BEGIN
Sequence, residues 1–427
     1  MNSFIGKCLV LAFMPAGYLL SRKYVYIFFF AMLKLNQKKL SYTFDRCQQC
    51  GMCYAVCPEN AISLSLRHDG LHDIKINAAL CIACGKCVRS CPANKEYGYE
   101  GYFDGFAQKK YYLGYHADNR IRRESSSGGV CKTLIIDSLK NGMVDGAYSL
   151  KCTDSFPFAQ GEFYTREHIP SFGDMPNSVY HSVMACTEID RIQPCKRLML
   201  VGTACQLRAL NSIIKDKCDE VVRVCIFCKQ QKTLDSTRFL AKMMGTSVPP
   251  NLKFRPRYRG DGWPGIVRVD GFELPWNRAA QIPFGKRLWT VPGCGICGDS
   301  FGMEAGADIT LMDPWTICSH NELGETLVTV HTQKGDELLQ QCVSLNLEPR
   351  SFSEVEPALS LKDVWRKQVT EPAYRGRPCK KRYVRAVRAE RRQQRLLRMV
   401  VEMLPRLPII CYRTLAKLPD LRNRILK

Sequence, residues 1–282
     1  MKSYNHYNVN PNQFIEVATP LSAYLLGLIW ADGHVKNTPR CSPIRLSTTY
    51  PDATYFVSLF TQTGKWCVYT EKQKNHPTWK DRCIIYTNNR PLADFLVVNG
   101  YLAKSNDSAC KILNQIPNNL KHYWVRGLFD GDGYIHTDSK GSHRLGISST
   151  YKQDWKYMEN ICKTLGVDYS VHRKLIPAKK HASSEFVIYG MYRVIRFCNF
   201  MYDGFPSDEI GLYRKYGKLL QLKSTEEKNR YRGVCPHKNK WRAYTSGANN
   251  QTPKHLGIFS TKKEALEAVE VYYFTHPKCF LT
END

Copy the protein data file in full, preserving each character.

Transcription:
Sequence, residues 1–427
     1  MNSFIGKCLV LAFMPAGYLL SRKYVYIFFF AMLKLNQKKL SYTFDRCQQC
    51  GMCYAVCPEN AISLSLRHDG LHDIKINAAL CIACGKCVRS CPANKEYGYE
   101  GYFDGFAQKK YYLGYHADNR IRRESSSGGV CKTLIIDSLK NGMVDGAYSL
   151  KCTDSFPFAQ GEFYTREHIP SFGDMPNSVY HSVMACTEID RIQPCKRLML
   201  VGTACQLRAL NSIIKDKCDE VVRVCIFCKQ QKTLDSTRFL AKMMGTSVPP
   251  NLKFRPRYRG DGWPGIVRVD GFELPWNRAA QIPFGKRLWT VPGCGICGDS
   301  FGMEAGADIT LMDPWTICSH NELGETLVTV HTQKGDELLQ QCVSLNLEPR
   351  SFSEVEPALS LKDVWRKQVT EPAYRGRPCK KRYVRAVRAE RRQQRLLRMV
   401  VEMLPRLPII CYRTLAKLPD LRNRILK

Sequence, residues 1–282
     1  MKSYNHYNVN PNQFIEVATP LSAYLLGLIW ADGHVKNTPR CSPIRLSTTY
    51  PDATYFVSLF TQTGKWCVYT EKQKNHPTWK DRCIIYTNNR PLADFLVVNG
   101  YLAKSNDSAC KILNQIPNNL KHYWVRGLFD GDGYIHTDSK GSHRLGISST
   151  YKQDWKYMEN ICKTLGVDYS VHRKLIPAKK HASSEFVIYG MYRVIRFCNF
   201  MYDGFPSDEI GLYRKYGKLL QLKSTEEKNR YRGVCPHKNK WRAYTSGANN
   251  QTPKHLGIFS TKKEALEAVE VYYFTHPKCF LT